The appellant cites the case of Barton v. Barbour, 104 U. S. 126. In that case the court of Virginia had appointed a receiver of a railroad situate within that state. The plaintiff sued the receiver in the District of Columbia on a cause of action based upon the receiver's negligence in operating the railroad in Virginia. There was no appointment of a receiver in the District of Columbia, and none of the property was there. The conclusion of the court is thus expressed:
"The court of another state has no jurisdiction, without leave of the court by which the receiver was appointed, to entertain a suit against him for a cause of action arising in the state in which he was appointed, and in which the property in his possession is situated, based upon his negligence," etc.
In arriving at this conclusion the court was influenced by theconsideration that the evident purpose of the suitor, who brought his suit without leave, was to obtain an advantage over other claimants upon the assets in the receiver's hands, and to enforce the same by execution, and thereby take the property from the receiver's possession, without regard to the rights of other creditors, and that the court of the District of Columbia had no jurisdiction to distribute the assets of the corporation, or to protect the rights of all persons entitled to share in the same. This reasoning is not applicable to the facts in the case at bar. The libelant is not here seeking to enforce a cause of action that arose in Oregon, or to obtain a preference to which he is not entitled, or to obtain a personal judgment against the receiver, to be satisfied out of the property in his charge. Nor is his suit capable of preventing the court, which has placed the property in receivership, from administering upon the same with just regard to the rights of all persons. The libelant's claim is by the law maritime a lien upon the vessel. As such, it is entitled to priority of payment, except as· to similar liens. In the court of admiral ty the holders of all such
MUNKS V. JACKSiON.
liens have an opportunity to .appear and present the same. In the meanwhile, if the receiver has occasion to continue to ,use. the vessel in the business of his trust, he may have her released upon stipulation. The recent cases of Moran v. Sturges, 154 U. S. 256, 14 Sup. Ct. 1019, and Paxson v. Cunningham (decided by Mr. Justice Gray in the circuit court of appeals of the United States for the First circuit) 11 C. C. A. 111, 63 Fed. 132, cited by both parties to this appeal, have been carefully considered. "'1l.ile those decisions are not directly in point upon the questions in controversy in this case, it is believed that they are not in conflict with the conclusion we have reached. It necessarily follows, from the views we have expressed concerning the lien which the material man acquires in a case like that at bar, that the right to enforce that lien by a proceeding in rem against the vessel, in a court of admiralty of a jurisdiction foreign to that of the court wherein the vessel is held in charge of a receiver, is a matter of right, and is not dependent upon the consent of the latter court. It was not necessary, therefore, that the permission of the Oregon COUl't should have been obtained to the commencement of this suit. The decree is affirmed, with costs to the appellee.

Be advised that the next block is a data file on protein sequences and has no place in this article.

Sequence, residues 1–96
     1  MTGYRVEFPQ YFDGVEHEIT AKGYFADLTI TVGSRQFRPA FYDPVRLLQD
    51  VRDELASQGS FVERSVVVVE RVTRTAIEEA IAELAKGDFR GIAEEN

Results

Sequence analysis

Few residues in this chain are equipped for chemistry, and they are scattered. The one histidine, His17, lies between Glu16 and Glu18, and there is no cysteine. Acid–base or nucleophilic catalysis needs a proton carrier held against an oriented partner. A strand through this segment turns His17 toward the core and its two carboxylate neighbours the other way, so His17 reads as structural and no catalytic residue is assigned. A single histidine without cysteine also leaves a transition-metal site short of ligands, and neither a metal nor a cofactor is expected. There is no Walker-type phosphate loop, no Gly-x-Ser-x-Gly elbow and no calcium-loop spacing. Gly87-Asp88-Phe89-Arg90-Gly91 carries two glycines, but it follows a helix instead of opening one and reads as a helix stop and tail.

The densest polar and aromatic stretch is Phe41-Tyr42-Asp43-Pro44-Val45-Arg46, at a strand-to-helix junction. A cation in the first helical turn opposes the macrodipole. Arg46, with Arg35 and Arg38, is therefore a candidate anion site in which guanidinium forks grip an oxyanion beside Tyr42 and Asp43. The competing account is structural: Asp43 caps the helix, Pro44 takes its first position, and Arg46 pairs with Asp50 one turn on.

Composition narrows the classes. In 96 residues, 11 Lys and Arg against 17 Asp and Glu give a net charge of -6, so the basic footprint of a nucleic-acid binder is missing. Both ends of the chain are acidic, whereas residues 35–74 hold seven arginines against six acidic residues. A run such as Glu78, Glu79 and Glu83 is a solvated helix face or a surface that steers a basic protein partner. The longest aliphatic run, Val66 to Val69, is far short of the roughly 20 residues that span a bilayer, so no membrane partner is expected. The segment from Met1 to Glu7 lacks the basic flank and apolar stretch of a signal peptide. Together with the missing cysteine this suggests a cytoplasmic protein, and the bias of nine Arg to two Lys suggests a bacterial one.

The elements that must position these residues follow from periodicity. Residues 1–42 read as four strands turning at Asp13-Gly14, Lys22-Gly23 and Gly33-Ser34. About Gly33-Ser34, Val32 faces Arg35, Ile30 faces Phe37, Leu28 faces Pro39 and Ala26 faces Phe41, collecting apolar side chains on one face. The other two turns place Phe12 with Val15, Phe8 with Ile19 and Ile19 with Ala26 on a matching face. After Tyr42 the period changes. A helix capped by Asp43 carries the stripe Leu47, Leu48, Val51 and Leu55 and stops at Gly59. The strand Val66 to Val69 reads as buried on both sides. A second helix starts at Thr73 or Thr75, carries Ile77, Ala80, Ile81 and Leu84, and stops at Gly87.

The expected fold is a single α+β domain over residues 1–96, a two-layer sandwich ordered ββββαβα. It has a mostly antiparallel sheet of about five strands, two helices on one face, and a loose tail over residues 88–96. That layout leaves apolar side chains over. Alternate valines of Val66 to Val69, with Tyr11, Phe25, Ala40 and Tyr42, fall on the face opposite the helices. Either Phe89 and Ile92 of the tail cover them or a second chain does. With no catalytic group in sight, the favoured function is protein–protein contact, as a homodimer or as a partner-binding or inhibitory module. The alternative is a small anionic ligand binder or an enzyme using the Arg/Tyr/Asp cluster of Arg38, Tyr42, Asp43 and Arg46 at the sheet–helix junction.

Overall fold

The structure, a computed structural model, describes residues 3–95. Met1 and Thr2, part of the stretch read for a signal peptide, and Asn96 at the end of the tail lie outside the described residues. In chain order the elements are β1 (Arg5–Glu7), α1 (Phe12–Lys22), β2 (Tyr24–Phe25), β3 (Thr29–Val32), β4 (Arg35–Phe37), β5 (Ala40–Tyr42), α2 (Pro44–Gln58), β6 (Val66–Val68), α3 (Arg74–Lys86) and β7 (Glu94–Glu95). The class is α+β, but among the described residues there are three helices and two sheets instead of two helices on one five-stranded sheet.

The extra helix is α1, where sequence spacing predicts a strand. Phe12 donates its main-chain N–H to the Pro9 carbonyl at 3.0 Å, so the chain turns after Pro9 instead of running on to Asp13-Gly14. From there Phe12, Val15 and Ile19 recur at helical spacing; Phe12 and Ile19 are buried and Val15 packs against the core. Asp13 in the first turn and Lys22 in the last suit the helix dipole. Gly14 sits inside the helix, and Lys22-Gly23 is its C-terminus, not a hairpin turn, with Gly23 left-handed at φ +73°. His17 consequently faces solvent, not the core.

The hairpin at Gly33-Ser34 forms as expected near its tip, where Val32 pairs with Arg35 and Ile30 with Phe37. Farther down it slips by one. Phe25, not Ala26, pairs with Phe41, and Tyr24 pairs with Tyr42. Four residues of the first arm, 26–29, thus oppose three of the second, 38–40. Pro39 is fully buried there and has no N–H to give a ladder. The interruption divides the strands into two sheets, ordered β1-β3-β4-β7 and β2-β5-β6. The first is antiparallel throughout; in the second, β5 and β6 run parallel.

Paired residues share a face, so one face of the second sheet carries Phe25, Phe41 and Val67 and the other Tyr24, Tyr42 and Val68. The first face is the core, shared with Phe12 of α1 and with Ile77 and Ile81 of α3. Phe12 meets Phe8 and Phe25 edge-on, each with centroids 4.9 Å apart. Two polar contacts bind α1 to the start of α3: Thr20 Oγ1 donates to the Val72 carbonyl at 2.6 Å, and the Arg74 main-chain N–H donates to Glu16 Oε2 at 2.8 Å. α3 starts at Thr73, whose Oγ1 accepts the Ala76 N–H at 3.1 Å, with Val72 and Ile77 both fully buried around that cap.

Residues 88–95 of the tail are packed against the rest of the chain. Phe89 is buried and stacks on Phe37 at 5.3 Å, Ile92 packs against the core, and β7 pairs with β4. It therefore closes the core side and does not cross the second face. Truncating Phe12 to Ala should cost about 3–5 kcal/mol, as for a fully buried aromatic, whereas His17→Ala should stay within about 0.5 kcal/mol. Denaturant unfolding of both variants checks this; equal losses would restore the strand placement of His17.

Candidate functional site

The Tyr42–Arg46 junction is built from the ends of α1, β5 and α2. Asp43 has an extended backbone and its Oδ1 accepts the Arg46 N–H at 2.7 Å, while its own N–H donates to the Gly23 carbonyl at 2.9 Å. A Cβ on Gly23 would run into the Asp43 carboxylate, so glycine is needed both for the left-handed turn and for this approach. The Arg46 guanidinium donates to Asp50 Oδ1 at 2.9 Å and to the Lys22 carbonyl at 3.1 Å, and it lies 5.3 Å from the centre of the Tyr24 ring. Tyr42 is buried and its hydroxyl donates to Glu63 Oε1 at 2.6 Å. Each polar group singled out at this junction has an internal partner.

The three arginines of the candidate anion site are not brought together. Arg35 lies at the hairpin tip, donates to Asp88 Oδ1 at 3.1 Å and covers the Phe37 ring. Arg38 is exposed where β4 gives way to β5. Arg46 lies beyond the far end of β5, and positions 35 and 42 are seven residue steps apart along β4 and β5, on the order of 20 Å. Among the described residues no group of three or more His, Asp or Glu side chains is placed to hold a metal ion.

MUNKs v. JACKSON. (Circuit Court of Appeals, Ninth Circuit. No. 160. February 4, 1895.)
ADMIRALTy-WHEN LIBEL OF REVIEW LIES.
It is within the discretion of the district court to entertain a libel of review in admiralty, filed after the expiration of the term, by a surety on the release bond of a vessel, who was absent from the state at the time of the decree, and knew nothing thereof until after the expiration of the time for appeal; it appearing that the libelant had delayed the hearing eight years, and until the claimant had died insolvent; that he had asserted that certain depositions originally taken were lost; that the decree was rendered on his deposition alone; and that the said depositions, being afterwards produced, showed a state of facts which, if presented to the court, would have constrained it to find against the libelant's claim. 58 Fed. 506, affirmed.
TOWAGE-LIABILITIES OF TOWING VESSEL-COMMON CARRIERS.
A contract of towage does not impose, the liability of a common carrier, and, In cases of loss or Injury to the tow, the burden is upon the claimant thereof to prove negligence on the part of the towing vessel. l.'he Webb, 14 Wall. 414, followed. A bond in the general form of a common-law bond, admittedly given to secure the release of a vessel, and approved by the judge and filed with the clerk, is within the provisions and requirements of Rev. St. § 941, even if given before the vessel is actually arrested, process having been issued to the marshal for that purpose; and a decree and execution thereon may be awarded against the surety without a separate suit. The fad that a decree upon the release bond of a vessel is in excess of the penalty named in the bond does not deprive the court of jurisdiction, but the decree is a nullity for the excess only.
AD)URALTy-PnOCEEDINGS IN RE)[-RELEASE BOND-LIABILITIES OF SUllETY.
SAME-JURISDICTION-DECREE FOIt EXCESSIVE AMOUNT.